The Lone Ranger

I deliver pizza to keep the bills paid while attending school. It can be the best of jobs, and the worst of jobs. When the runs are steady, and the tips are rolling in, delivering can be like being on cloud nine, getting paid to drive around listening to the music of your choice. Other days, it's not so much fun, either stuck instore working (drivers are expected to pick up the slack instore; I do everthing but run the place when not on the road) when its busy, overwhelmed with late deliveries, obnoxious customers/people, idiot drivers, bad weather, and non-tippers. The job will murder you if you come in tired/in a bad mood. For a simple job, it can be surprisingly exhausting, and I'm always amazed at how many cycle through who just can't hack it, too slow or can't find places, can't be bothered to show up, or whatever. I'm one of my store's few competent drivers, getting all the hours I can handle, and usually work dayshift alone, hence the title. In lieu of further description, I'll just share some things about the job.

The pizza industry in general pays peanuts, no one more so than drivers, who are legally treated as waiters. I make $7.25/hr instore, and $4 on the road, plus 93 cents per delivery. This works out to about $5.30 an hour. We are paid less than minimum wage, and less than it takes to keep a car on the road, with the expectation that our customers will tip us, so please do so.

On that note, a $2 tip was good in the 90s, not so much now. $4 or $5 makes me happy, but a generic "decent tip" is somewhere around a gallon of gas, $3.60 at the moment. $2 won't make me mad (slightly better than breaking even), but if I average $2 per run, I've had a bad day. Unless you live VERY close to the store, $1 is an insult, causing me to lose money relative to staying on the clock instore. If your order is very large (over 10 pizzas), the threshold of "good" goes up. I don't expect 15% (though I'm definitely happy to receive that), but anything less than 5% is poor, particularly since the kitchen staff want a cut on the big orders.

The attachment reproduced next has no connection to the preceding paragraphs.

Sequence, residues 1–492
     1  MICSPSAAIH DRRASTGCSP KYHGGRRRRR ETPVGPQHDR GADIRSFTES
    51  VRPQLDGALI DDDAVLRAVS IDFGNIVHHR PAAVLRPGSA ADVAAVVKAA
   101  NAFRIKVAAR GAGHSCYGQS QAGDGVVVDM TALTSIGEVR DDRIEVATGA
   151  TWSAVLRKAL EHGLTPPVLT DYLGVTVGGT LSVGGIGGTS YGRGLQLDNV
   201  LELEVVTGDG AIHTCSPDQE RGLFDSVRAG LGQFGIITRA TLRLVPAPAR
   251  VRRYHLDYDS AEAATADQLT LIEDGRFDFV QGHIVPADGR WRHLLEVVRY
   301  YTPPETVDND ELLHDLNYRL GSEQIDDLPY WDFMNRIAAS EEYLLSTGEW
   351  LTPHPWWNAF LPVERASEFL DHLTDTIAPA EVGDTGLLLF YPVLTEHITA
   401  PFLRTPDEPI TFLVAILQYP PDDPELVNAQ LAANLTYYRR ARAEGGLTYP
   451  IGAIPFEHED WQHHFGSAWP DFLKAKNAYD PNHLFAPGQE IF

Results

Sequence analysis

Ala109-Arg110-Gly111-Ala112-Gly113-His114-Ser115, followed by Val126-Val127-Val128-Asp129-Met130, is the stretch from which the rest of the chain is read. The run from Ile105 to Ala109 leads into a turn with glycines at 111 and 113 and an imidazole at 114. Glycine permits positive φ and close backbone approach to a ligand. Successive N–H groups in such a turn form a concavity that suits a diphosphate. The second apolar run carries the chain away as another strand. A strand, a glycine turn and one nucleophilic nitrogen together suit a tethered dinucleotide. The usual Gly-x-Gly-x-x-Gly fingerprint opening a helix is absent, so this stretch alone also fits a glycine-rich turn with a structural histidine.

Drivers have long memories. Stiff me twice, and I will remember you. Stiff enough times, and nobody in the store will want to take your orders. I don't screw with people's food, as it's unethical, bad business, and will likely result in me having to make the same trip twice anyhow, but if I know you're not going to tip me, your delivery will be routed last. If you tip well, I will do everything I can to get your delivery taken first.

Shelling out for gas sucks, but the real cost of delivering is that it will destroy your car, particularly the transmission and suspension. In the long run, a fragile car will cost more to run than a gas guzzler that's reliable. Having access to two cars is nice if you deliver full time, an everyday junker, then a nicer backup for when car one breaks down, or bad weather, when nice safety features like bright headlights, tires that have tread, and working wipers/defroster are called for.

Speedy delivery happens in the kitchen, not on the road. Short of gross incompetence (really incompetent drivers don't last long, though mediocre ones hang around for awhile), or the occasional stupid mistake, there's not much a driver can do to influence the delivery time. If the store is extremely busy or severely understaffed, it is mission impossible to get deliveries to the door on time, nothing I can do when it took an hour to leave the store.